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Blind athlete prepares for summer Paralympic games

 


 

Blind athlete prepares for summer Paralympic games

July 22, 2004                                                              

 

By John Gordon*

BIRMINGHAM, Ala. (UMNS) — Carrie Willoughby knows that success sometimes means swimming against the tide.

The 26-year-old Birmingham, Ala., athlete will represent the United States in the swimming competition of the Athens 2004 Paralympic Games for disabled athletes. The September contest will follow the summer Olympics in Greece.

“I’m very excited about going,” said Willoughby, a United Methodist who has been legally blind since birth. “To represent my country again is going to be awesome.”

Challenges are nothing new to Willoughby, who also participated in the 2000 Paralympics in Sydney, Australia. She was born with oculocutaneous albinism, a disorder that also left her without pigment in her eyes, skin and hair. She can make out larger objects, but cannot distinguish detail.

“I’ve been taught, growing up, that nothing good is ever easy, nothing easy ever shows how good you really are,” she said. “The journey, though, has been difficult.”

Willoughby volunteers as a youth counselor at the church where she grew up, St. Mark United Methodist Church in Birmingham. She sang in the youth choir, and attributes much of her success to support from the church.

“I have grown up in a church that has been incredibly supportive,” she said. “I feel like the church has really kept me grounded and has basically been that community, that sense of core, that every person needs to find in order to grow.”

Training for the Paralympics is rigorous. She is spending her summer at the U.S. Olympic training center in Colorado Springs, and continues her workouts during visits to her home in Birmingham.

“Right now, we’re training 12 times a week — some of those times in the pool, some of those outside the pool in the weight room and doing training and conditioning exercises,” she said. “We also do mental training outside of the physical training, mental imagery, to prepare ourselves to swim our race as we see it in our minds.”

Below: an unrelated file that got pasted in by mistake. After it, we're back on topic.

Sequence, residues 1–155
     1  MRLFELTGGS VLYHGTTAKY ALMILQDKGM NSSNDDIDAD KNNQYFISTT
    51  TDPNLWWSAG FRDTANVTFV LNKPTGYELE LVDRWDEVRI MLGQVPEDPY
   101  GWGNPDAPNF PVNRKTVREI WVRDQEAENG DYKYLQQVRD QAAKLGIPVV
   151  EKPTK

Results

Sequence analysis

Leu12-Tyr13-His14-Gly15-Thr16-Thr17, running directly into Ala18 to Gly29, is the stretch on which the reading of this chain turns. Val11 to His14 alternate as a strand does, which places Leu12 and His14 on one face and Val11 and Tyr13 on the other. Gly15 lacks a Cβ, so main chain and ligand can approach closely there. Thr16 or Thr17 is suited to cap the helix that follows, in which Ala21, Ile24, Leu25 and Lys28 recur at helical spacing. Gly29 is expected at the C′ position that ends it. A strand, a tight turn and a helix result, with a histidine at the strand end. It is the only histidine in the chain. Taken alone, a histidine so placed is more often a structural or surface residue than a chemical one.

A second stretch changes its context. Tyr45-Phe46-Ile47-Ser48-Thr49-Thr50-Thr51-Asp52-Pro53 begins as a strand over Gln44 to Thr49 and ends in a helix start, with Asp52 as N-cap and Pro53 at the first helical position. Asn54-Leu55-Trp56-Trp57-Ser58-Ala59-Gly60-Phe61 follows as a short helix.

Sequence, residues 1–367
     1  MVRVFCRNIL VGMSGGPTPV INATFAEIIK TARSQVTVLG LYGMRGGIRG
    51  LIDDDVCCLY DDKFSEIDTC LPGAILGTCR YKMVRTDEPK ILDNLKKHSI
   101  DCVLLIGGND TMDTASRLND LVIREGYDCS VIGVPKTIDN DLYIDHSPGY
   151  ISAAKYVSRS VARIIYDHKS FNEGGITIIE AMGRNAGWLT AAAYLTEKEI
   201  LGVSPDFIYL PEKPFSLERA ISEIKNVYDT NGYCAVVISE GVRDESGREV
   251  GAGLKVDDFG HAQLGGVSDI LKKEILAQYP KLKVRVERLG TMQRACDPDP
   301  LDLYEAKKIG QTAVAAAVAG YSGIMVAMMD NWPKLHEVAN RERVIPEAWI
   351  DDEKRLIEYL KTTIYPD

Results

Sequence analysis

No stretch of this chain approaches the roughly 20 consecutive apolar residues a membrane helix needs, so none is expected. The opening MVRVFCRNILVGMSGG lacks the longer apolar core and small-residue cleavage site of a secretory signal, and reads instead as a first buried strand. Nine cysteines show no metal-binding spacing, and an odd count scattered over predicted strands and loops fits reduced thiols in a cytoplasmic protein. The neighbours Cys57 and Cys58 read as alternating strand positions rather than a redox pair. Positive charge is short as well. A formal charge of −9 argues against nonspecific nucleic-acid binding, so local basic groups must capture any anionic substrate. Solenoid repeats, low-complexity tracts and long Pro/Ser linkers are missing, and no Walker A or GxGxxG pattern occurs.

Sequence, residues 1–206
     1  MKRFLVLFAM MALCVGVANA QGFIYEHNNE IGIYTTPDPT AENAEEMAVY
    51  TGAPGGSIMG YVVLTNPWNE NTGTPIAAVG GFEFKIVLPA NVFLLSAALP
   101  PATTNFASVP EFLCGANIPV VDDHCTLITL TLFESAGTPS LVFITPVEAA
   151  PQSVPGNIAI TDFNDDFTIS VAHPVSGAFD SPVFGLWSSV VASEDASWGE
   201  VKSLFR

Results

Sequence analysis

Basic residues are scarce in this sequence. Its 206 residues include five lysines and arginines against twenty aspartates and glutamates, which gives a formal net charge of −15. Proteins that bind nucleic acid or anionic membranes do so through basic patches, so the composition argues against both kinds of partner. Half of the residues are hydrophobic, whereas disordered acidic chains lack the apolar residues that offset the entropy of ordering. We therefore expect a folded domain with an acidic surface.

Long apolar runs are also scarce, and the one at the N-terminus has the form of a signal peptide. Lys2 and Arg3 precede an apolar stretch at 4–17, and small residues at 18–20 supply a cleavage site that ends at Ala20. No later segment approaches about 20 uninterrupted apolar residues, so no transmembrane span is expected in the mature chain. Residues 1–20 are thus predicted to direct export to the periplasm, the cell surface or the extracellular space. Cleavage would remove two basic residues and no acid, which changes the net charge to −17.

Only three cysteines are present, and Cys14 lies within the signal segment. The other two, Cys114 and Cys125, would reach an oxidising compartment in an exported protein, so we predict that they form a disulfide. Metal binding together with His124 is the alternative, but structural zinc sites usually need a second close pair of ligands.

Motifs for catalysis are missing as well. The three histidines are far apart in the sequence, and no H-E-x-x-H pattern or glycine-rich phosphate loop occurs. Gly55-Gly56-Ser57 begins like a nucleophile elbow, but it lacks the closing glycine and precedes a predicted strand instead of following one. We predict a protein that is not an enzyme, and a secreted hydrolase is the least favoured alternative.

Willoughby swims nearly seven miles a day, counting her strokes so she will know where she is in the pool and when to turn. Her mental images include standing on the podium to receive a medal when the winners are announced.

She will face some tough competition. This year’s Paralympics has drawn a record number of athletes—more than 4,000, representing 140 countries.

But she believes she has found the right combination to bring home the gold. “The Paralympic motto is the mind, body and spirit,” she explained. “And in putting all of those three together, it creates this entity that can overcome and achieve anything.”

Willoughby’s swimming career started when she joined a summer league team at the age of 6. By the time she was 16, she was part of the Alabama state championship women’s team.

She has faced doubters along the way. “I’ve had people tell me that I couldn’t,” she said. “I like to kind of push the envelope a little bit. I’d much rather just prove them wrong.”

“She’s a very determined young lady, very powerful person, very inspirational,” said Joan Wright, a longtime friend and former coach. “And just a great person, you really just want to be around her. She’s like a magnet.”

Swimming is not Willoughby’s only talent. She’s also an accomplished artist and received an art degree from Auburn University. In the future, she would like to work as a high school art teacher.

 

 

News media contact: Ginny Underwood, Nashville, Tenn., (615) 742-5470 or newsdesk@umcom.org.

 

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